Autism spectrum disorder in the scope of tactile processing

Mark Mikkelsen, Ericka L. Wodka, Stewart H. Mostofsky, Nicolaas A.J. Puts*

*Corresponding author for this work

Research output: Contribution to journalReview articlepeer-review

53 Citations (Scopus)
127 Downloads (Pure)


Sensory processing abnormalities are among the most common behavioral phenotypes seen in autism spectrum disorder (ASD), typically characterized by either over- or under-responsiveness to stimulation. In this review, we focus on tactile processing dysfunction in ASD. We firstly review clinical studies wherein sensitivity to tactile stimuli has traditionally been assessed by self-, parent- and experimenter-reports. We also discuss recent investigations using psychophysical paradigms that gauge individual tactile thresholds. These more experimentally rigorous studies allow for more objective assessments of tactile abnormalities in ASD. However, little is understood about the neurobiological mechanisms underlying these abnormalities, or the link between tactile abnormalities and ASD symptoms. Neurobiological research that has been conducted has pointed toward dysfunction in the excitation/inhibition balance of the central nervous system of those with ASD. This review covers recent efforts that have investigated tactile dysfunction in ASD from clinical and behavioral perspectives, and some of the efforts to link these to neurobiology. On the whole, findings are inconsistent, which can be ascribed to the subjectivity of clinical assessments, the heterogeneity of ASD cohorts, and the diversity of tactile sensitivity measures. Future endeavors into understanding tactile processing differences in ASD will greatly benefit from controlled experiments driven by neurobiological hypotheses.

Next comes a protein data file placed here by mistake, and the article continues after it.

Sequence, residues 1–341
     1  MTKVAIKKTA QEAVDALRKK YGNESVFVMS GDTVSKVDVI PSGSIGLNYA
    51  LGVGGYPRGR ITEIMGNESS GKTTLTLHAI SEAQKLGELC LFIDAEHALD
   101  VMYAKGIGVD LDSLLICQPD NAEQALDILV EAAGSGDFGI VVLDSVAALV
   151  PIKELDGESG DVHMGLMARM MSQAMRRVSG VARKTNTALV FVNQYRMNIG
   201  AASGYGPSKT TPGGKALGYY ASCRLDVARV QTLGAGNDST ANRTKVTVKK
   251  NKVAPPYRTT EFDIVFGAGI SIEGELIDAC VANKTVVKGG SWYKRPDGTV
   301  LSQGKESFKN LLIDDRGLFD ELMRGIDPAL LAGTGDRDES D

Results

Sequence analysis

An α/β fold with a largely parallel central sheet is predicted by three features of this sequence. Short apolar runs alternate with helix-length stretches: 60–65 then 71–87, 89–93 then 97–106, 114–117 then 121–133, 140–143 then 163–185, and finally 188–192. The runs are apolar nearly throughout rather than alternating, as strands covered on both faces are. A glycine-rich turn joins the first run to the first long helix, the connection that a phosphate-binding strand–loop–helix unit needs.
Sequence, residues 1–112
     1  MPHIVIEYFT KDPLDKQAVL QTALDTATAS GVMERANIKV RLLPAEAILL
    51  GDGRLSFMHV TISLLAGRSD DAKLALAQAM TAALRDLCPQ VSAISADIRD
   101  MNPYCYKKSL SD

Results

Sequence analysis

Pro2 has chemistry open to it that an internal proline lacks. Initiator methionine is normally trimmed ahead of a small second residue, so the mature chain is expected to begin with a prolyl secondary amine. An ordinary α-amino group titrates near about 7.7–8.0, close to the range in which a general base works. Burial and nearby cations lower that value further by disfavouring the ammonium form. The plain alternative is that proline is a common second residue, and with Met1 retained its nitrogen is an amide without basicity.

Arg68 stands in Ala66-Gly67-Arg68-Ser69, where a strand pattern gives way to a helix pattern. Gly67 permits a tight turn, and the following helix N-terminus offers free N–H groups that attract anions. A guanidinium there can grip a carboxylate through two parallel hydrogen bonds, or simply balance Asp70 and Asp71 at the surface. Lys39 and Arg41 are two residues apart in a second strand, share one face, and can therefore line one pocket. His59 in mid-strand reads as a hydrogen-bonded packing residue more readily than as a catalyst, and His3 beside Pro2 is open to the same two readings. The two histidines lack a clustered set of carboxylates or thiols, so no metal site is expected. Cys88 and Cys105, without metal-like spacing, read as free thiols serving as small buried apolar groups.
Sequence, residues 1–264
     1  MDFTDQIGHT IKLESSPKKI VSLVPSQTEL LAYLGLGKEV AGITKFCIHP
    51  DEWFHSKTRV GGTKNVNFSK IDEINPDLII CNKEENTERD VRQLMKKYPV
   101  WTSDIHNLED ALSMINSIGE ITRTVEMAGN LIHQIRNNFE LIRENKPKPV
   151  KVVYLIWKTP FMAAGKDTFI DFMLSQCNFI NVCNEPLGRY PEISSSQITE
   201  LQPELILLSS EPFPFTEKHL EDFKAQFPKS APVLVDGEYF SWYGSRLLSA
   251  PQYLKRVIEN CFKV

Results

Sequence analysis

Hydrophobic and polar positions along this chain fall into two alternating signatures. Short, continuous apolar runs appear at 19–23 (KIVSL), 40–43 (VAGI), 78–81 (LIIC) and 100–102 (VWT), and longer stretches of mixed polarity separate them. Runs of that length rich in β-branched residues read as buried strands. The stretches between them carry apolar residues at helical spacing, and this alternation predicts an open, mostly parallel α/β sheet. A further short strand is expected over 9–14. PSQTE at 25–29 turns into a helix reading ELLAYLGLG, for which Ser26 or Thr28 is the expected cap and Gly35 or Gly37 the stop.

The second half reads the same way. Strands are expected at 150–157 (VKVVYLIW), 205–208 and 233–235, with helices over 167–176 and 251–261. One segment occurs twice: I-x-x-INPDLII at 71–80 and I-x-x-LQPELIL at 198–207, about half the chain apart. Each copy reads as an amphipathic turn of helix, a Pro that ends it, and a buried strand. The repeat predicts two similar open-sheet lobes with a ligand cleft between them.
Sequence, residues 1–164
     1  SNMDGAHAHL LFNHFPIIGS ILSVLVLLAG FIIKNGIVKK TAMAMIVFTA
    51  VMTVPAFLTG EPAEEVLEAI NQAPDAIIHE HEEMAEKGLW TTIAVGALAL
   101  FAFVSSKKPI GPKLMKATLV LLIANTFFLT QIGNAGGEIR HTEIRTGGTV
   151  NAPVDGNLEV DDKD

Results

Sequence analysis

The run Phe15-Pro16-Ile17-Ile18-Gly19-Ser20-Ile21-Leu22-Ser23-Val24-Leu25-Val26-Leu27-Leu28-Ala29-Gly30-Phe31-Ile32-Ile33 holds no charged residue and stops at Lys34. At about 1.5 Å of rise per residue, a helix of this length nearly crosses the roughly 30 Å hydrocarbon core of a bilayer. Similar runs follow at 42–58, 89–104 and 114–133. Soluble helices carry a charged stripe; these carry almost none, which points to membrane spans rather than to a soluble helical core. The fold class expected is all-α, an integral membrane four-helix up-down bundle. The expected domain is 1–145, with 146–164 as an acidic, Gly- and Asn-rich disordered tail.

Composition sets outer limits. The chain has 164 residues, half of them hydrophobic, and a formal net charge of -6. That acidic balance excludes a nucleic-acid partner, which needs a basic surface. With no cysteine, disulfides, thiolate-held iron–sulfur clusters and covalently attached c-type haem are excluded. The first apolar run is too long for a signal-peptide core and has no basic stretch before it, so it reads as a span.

Original languageEnglish
Pages (from-to)140-150
Number of pages11
JournalDevelopmental Cognitive Neuroscience
Early online date23 Dec 2016
Publication statusPublished - Jan 2018


  • Autism spectrum disorder
  • Psychophysics
  • Review
  • Somatosensory
  • Tactile processing
  • Touch


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